I find it exceedingly hard to empathise with people who cheat. Perhaps that is because I have been the victim of a cheater myself, or perhaps it is just because my logical conclusion to being sexually frustrated would be to TALK IT OUT WITH MY PARTNER. You know, as opposed to seeking satisfaction elsewhere. Regardless, I do not see the statement  “I just wanted to feel wanted” as an adequate justification for one’s behaviour. An explanation, yes – but as far as excuses go, this one does not suffice.

To me, Arndt’s column reeks of excuses: “Men are doomed to live out their lives in a state of chronic frustration”; “We are dealing with sex-starved men..[and] married men simply tempted by some gorgeous option”; “Sexual frustration is thus almost inevitable for the majority of men and not just occasionally either” – these are just some of the statements thrown at the reader in an attempt to prove that cheating can be justified.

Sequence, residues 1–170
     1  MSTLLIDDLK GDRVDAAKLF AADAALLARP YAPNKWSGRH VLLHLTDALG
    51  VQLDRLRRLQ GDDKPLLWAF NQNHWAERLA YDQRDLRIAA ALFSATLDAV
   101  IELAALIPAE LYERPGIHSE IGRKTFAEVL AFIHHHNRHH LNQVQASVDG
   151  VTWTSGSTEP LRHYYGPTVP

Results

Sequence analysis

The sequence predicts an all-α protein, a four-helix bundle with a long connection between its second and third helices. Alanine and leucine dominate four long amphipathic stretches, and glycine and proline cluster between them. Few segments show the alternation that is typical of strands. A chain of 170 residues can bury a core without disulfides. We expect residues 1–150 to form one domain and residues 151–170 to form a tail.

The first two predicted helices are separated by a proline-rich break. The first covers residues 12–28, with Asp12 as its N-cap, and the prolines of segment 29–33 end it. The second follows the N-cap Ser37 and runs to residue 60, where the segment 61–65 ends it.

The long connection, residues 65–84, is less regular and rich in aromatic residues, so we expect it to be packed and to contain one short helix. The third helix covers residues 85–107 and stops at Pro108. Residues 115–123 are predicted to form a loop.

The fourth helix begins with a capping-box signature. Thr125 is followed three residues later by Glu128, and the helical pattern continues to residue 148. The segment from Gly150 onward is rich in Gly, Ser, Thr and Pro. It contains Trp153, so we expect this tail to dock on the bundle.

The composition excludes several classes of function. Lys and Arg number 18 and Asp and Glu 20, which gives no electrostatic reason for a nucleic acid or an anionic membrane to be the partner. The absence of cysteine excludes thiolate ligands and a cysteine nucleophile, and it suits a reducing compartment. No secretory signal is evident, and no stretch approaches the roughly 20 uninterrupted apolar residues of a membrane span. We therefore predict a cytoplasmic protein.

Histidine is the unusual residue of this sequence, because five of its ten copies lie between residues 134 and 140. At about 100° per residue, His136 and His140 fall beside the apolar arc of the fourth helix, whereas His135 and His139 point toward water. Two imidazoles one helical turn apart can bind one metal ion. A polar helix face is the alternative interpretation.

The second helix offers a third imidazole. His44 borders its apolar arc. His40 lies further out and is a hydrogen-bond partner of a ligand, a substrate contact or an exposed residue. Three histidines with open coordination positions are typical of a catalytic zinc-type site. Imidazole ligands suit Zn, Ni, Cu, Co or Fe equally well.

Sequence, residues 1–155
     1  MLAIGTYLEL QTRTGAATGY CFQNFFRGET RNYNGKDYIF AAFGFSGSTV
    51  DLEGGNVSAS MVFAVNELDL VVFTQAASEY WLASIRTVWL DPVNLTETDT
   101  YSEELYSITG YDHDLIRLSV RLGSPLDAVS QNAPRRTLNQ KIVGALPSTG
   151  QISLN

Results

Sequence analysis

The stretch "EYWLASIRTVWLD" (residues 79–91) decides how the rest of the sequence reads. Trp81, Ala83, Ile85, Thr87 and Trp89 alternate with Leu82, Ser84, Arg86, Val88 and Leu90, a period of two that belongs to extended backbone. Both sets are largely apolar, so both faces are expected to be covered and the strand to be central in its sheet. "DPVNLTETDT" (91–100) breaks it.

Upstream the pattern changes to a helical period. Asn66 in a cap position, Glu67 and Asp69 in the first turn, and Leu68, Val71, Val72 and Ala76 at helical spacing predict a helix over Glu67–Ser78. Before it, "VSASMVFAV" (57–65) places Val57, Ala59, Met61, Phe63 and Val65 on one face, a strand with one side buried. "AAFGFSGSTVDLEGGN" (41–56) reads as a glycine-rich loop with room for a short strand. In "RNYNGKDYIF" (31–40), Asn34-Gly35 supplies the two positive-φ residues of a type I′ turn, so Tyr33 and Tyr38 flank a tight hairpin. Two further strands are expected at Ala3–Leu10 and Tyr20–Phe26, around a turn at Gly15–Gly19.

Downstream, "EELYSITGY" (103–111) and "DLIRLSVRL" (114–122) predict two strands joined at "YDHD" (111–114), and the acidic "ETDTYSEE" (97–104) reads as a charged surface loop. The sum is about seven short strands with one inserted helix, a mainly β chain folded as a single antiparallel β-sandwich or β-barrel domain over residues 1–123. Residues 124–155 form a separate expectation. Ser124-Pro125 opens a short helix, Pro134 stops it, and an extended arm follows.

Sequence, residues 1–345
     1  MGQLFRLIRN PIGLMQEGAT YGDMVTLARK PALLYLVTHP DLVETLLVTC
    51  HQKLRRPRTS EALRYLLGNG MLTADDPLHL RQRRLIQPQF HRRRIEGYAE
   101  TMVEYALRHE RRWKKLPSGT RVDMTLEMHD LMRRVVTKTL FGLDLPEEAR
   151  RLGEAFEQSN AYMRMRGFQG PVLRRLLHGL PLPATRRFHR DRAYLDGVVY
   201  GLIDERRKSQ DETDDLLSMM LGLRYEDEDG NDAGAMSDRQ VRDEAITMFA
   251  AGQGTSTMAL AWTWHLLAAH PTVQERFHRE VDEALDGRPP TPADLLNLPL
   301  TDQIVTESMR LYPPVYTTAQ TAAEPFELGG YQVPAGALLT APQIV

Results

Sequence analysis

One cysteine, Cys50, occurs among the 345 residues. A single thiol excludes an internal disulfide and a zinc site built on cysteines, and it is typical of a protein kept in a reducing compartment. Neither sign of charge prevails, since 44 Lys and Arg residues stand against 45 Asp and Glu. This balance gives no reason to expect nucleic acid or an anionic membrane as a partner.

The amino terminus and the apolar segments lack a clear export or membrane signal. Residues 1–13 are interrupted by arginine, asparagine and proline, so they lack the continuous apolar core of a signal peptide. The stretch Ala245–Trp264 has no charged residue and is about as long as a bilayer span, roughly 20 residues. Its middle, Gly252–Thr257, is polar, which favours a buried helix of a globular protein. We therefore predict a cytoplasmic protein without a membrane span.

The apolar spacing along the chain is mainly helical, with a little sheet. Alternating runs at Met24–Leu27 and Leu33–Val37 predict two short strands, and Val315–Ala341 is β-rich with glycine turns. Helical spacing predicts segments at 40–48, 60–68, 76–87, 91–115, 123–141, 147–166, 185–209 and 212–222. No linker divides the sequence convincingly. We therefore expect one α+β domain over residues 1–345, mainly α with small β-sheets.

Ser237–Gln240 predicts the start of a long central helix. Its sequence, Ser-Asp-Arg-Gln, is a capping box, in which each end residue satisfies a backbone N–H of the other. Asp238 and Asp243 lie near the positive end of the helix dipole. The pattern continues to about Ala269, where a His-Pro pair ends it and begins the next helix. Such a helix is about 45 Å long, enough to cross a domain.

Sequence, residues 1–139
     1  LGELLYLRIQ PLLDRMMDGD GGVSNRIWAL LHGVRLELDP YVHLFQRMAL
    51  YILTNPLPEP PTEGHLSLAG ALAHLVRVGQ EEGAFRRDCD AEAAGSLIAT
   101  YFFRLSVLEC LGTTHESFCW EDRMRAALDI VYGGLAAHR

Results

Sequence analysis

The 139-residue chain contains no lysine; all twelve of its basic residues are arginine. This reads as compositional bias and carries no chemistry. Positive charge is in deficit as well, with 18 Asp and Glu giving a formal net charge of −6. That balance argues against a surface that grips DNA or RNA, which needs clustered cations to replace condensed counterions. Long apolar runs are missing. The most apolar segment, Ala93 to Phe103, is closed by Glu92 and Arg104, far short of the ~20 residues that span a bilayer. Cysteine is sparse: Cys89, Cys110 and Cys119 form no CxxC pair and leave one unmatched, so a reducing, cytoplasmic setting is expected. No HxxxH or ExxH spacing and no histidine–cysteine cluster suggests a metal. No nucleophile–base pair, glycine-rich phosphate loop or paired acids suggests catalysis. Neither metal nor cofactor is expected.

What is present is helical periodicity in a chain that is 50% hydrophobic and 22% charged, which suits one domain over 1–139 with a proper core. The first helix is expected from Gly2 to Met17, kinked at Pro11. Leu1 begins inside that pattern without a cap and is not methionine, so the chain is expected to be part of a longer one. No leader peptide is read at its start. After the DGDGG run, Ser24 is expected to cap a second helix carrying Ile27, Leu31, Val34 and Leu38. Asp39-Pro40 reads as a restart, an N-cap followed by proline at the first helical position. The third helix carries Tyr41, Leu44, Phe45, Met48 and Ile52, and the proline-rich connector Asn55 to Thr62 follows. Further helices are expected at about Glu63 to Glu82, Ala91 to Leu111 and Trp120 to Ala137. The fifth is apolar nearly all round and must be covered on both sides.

And, quite frankly, it can’t. The act itself cannot be justified. If there are agreements made between a couple, then fine, great, wonderful – and it is no one else’s business. But cheating – no holds barred, caught with your pants down cheating – cannot be excused. I don’t mean excused in the sense that a woman needs to get rid of a partner that has cheated (this is another whole discussion) – I mean that the act itself cannot be excused on ‘sexual frustration’, or ‘not being able to resist temptation’. Because funnily enough, men and women are both equipped with this thing. It’s called a mouth, and you open it and words come out. You can do this thing called ‘communication’ with it. And then you can communicate openly and honestly with your partner about your desires and needs in a relationship. Which is what every person who has cheated should have done in the first place, before they actually committed the act.